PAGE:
By Peyton Freng
“Kayla! Kayla!” my best friend, Blaine, yelled from the opposite end of the hallway.
“Blaine!” I called as I pushed through a swarm of middle school students to reach my friend with long, straight, black hair and shockingly blue eyes.
She smiled at me, adjusting her old, pink tee shirt advertising some band I’d never heard of from the ‘60s. “No school uniform?” I inquired, shocked. Not wearing the school uniform was a serious sign of rebellion at DalphHorn Jr. High that usually ended with suspension.
“Nope!” she laughed and followed me to my rusted blue locker. “Want to come to my house?”
“Sure, but I have to call my mom first,” I replied, exchanging the books that were in my arms for new ones. “Shouldn’t you call your mom to tell her I’m coming over?” I asked when she didn’t pull out her phone. Before I closed my locker, I studied my blonde hair and hazel eyes.
“No, it’s fine,” Blaine gestured with her hand like she was brushing away a obnoxious fly.
I sighed. Knowing Blaine, this couldn’t end well. I closed my locker and took out my phone. After a brief conversation with my mother and a gossip-filled walk home, we got to Blaine’s house and we heard screaming.
“BLAINE! Did we talk about a guest?” her mother boomed as soon as she spotted me. Feeling embarrassed and rather rude for not being invited, I stood in the doorway, as quiet and still as a frightened mouse.
“No,” Blaine replied calmly, walking into her house, but I stood, frozen, in the doorway.
“Then why is there a guest?” she was even more enraged when Blaine acted as if it was nothing. I watched Blaine’s mom with wide eyes, her tattooed arms were crossed and her booted feet were planted firmly on the tile.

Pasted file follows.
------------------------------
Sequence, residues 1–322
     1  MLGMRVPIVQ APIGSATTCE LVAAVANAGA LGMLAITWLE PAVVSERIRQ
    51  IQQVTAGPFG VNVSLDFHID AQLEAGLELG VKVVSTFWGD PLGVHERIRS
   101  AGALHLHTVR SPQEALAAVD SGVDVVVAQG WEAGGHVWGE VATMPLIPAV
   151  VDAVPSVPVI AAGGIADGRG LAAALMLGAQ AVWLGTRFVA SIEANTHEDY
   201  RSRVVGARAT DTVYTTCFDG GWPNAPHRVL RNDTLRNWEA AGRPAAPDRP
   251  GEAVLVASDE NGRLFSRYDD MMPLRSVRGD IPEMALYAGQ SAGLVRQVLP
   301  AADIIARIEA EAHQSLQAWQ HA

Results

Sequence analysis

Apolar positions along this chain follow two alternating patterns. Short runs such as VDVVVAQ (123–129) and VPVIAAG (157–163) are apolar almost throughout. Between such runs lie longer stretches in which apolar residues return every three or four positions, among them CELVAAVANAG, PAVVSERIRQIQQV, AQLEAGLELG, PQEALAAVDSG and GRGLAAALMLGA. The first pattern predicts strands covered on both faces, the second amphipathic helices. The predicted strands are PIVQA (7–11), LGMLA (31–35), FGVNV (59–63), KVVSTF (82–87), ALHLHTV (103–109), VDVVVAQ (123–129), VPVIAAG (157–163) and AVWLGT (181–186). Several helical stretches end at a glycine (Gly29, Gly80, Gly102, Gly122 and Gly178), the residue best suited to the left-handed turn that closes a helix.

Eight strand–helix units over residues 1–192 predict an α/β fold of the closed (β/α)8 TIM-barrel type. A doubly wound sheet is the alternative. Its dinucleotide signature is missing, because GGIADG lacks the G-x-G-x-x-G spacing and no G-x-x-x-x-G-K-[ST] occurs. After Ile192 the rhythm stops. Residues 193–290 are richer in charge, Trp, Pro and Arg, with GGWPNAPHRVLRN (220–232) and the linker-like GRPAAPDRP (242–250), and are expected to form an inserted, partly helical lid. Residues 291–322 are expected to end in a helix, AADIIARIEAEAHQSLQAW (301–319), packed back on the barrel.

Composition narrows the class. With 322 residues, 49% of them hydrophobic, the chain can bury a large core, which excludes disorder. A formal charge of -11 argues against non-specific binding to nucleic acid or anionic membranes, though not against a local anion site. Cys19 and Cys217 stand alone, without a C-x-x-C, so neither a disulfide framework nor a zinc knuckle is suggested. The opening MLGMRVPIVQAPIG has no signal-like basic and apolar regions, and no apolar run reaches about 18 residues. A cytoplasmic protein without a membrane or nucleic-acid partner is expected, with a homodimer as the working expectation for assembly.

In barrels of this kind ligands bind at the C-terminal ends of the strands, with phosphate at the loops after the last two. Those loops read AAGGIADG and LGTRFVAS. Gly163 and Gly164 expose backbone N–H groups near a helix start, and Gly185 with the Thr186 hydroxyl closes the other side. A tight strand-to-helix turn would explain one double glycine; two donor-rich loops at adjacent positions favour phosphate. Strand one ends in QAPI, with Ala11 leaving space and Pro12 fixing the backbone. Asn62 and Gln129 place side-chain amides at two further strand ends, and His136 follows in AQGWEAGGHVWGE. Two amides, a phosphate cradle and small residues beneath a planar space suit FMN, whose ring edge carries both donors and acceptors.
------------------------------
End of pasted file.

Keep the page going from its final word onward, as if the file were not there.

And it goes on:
“Because I invited her over,” Blaine threw her backpack on the floor and it landed in with a satisfied thud. She started to lead me to her room, but I would not budge.
“BLAINE!” her mother screamed, “She’s going home!” she controlled her voice but I could tell she was holding back a frustrated bellow, “Sorry, Kayla, I’ll drive you home.”
“Thank you,” I said in a soft voice barely above a whisper and rushed to Blaine’s mom’s Volkswagon.
When an awkwardly silent drive home was finally finished and I had finished my homework, I went to bed.
The next morning on the steps outside school, I saw Blaine. She was dressed in a glittery tee and ripped jeans. I waved, tugging on my uncomfortable, itchy uniform.
“Hi,” I smiled, but my face portrayed unmistakable disappointment.
“Sorry about yesterday. My mom can be so rude! But, hey, check this out!” he voice fell to a whisper as she pulled out a box of cigarettes. The box looked too innocent to be dangerous but I still felt cautious.
I gasped, “Blaine!” I yelped and I suddenly felt sick. If Blaine and I were caught with cigarettes we would easily be expelled.
Blaine smiled casually, ignoring my frantic actions, and put one in her mouth. She lit it, the flame erupted in a flash, then it was just a little ring of flickering orange with interchanging hues of yellow and red on the end of the cigarette. “Try one!” she urged, holding out a nearly empty box. Were all of the absent cigarettes ones that she had already smoked?
“Blaine! That’s horrible!” I gasped.
She blew out a puff of smoke that swirled before her pale face then disappeared into the cool, air. She gave me a wicked smile, “It’s good,” she held the box out farther, a tempting, red lighter in her hand.
I shook my head and pushed the box away, “No way!” but part of me felt I should take one.
“Just think about it! You live alone with your mom. You don’t see you brother or dad anymore!” she shook the box, “This can help you feel better!” she explained in a harsh tone that was surprisingly convincing.
Then, I was furious with my parents for deciding maybe marriage wasn’t for eternity. I was angry at my mom for living alone with me. I was fuming when I thought about my dad leaving us, and enraged when I thought of Flinn living with Dad. I took the box and lighter from Blaine and lit it. I inhaled and smoke filled my lungs, my reaction was instantaneous coughing and hacking. The oddest part was that, I like it. My throat was on fire, but so were my lungs. I blew out the smoke and breathed in more. My head wasn’t on my body, it was somewhere else, I could only feel the thrilling burn of the smoke as it cycled through my body.